Tips for Maintaining Length on Fine Natural Hair – Part 1

Last updated on September 3rd, 2017 at 05:52 pm

hair in need of a wash

It’s no secret that I like long hair. I personally believe that a woman with a head of long hair is a full reflection of God’s crown and glory upon her. Some may disagree because there are obviously women who have short hair that “appears” not to grow or they choose to wear their hair short. Then, there are those who just don’t believe in a God at all. I’ma pray for y’all 🙂

For the ladies who choose short hair, this article is probably not for you. It’s more for the ladies who want to see their hair grow to longer lengths and are willing to do what it takes to retain as much length as possible. And while, the tips I’m about to share can be helpful to any lady seeking long tresses, I’m specifically addressing my fine hair sisters since I am one of them lol. I can only share what I notice is working for my hair type – fine and moderately dense.

fine natural hair

As we all know, getting your hair to grow to long lengths isn’t always an easy feat. While your hair DOES grow, if you don’t retain most of what has grown (yes, there’s always some breakage), you will be wondering if it’s growing at all.

For those of us with fine hair, the quest to obtain long luxurious locks is even more challenging. (So not fair. I know right!) Natural hair that’s fine has yet another roadblock to growing long. For every twist and groove along our natural hair strand (the curliness), there’s an opportunity for breakage. At least our straight, fine hair sisters don’t have that part to worry about.

As a fine haired natural for over 10 years, I believe I’ve picked up some tips along the journey that I’d like to share with fine hair ladies like myself who want long hair. That’s not to say I know it all. I just know what I know…what I discovered works for hair like mine. It took some trial and error but here are the tips I believe will help my fine hair sisters maintain more of their hard earned length.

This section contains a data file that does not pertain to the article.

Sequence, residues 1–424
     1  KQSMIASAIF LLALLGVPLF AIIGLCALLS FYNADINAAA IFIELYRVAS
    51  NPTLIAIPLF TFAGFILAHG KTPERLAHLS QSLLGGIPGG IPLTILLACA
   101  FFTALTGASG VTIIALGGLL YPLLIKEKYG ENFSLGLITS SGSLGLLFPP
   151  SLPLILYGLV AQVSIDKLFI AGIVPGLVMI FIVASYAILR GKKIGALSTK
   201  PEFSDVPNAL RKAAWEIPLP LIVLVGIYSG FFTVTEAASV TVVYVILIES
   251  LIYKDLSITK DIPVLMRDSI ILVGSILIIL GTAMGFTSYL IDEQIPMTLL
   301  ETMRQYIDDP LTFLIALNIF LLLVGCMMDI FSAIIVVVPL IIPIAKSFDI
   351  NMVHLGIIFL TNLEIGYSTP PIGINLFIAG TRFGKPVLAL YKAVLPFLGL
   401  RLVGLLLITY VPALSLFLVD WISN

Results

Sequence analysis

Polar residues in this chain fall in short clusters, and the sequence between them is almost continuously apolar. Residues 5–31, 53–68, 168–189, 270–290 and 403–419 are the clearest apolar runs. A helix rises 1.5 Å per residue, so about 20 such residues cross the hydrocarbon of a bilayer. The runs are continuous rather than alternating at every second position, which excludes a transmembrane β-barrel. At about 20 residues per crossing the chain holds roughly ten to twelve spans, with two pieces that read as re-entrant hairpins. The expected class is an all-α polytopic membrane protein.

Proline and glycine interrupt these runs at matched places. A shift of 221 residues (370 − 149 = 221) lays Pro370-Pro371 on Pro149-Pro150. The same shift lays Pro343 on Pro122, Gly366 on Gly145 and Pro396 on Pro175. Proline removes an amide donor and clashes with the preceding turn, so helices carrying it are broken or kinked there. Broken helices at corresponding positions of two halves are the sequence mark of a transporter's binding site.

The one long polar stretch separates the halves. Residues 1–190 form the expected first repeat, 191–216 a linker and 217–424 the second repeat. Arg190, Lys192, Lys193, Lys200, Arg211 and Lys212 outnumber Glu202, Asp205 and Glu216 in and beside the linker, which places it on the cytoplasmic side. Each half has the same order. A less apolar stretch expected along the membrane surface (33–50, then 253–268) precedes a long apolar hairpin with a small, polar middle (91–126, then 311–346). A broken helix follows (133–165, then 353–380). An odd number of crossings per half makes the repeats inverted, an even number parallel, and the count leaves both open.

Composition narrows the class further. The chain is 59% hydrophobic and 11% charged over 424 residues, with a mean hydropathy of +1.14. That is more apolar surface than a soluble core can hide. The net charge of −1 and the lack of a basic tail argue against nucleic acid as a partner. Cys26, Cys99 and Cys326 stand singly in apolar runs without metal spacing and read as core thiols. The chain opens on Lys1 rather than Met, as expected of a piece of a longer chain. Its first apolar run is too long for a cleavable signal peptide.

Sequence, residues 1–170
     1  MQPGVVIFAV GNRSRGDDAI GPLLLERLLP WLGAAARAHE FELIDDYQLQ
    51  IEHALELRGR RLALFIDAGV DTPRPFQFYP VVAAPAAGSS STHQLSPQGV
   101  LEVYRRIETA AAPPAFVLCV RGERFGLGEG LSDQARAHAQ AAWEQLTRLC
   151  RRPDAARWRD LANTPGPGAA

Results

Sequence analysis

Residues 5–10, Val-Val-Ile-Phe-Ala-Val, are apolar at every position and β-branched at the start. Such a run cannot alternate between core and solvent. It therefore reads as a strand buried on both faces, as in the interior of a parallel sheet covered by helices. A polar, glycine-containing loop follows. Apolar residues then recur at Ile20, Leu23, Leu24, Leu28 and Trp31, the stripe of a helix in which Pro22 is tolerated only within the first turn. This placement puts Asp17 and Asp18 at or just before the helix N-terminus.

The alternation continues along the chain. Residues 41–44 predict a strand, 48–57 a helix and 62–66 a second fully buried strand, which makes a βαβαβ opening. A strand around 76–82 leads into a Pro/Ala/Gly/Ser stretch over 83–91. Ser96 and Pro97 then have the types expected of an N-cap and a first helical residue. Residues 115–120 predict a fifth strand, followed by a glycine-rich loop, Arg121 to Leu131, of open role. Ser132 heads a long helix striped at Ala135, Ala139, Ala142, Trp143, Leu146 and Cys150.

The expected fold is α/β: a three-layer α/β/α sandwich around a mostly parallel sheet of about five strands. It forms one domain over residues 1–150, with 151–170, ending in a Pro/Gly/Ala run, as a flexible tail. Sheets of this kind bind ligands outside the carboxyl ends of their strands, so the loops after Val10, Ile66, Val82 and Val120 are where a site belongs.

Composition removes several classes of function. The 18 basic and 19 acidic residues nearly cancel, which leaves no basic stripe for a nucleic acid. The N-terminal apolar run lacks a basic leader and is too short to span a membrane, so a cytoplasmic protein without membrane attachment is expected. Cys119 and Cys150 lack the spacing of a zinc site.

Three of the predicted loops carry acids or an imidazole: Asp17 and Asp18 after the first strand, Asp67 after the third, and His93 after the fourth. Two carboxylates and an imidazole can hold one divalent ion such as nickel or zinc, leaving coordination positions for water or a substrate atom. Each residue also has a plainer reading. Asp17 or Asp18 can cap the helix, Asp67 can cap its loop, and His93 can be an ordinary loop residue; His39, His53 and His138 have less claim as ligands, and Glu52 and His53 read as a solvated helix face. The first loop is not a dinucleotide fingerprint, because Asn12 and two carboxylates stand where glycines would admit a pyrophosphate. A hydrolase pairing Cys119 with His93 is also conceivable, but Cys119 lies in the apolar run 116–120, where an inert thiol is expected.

Wearing Your Hair Out

You CAN wear your hair out. Whaaaat? Yup. You heard me girl. Your hair growth journey doesn’t have to be about socking your hair away every single day until you get to your desired length. Instead, when you wear your hair out, you need to be diligent about protecting it.

Your twist outs, braid outs, loose curls etc. will be rubbing on your clothing and can certainly cause breakage from the friction. This can be x2 when you are commuting to wherever you are going on a given day. Therefore, consider putting your hair up until you get to your destination. Large claw clips work really well at clipping your hair up and off of your shoulders. Then, when you get to your destination you can release the clip, shake and be fabulous. Keep that claw clip handy for putting it up throughout the day.

Low Manipulation vs Protective Styling

This is nothing new to you I’m sure. You’ve heard about protective styling and low manipulation styling. However, the key I’ve found is you can protective style til the cows come home (I’m a city girl. Not sure where that came from lol), but if you have to do a lot of manipulating to get that protective style in place, it will cause your fine hair more breakage than length retention. I learned this the hard way with mini twists.

Mini twists are NOT for everyone. The finer your hair, the more susceptible it will be to breaking when it’s time to take those twists out. Instead, opt for medium sized twists. They are a lot easier to manage and require much less manipulation.

If you are going to do a protective style, opt for shorter term styles. The longer you leave a style in your hair, when it’s time to take it down and out, there’s more of a chance for breakage due to webbing of the new growth that now needs to be detangled. Even if you wear braids, when your new growth starts coming in there is some tangling. Keep your protective style in for 2 weeks max. Fine hair doesn’t like to be bound up much longer than that.

Twist, Don’t Braid Ends

box braids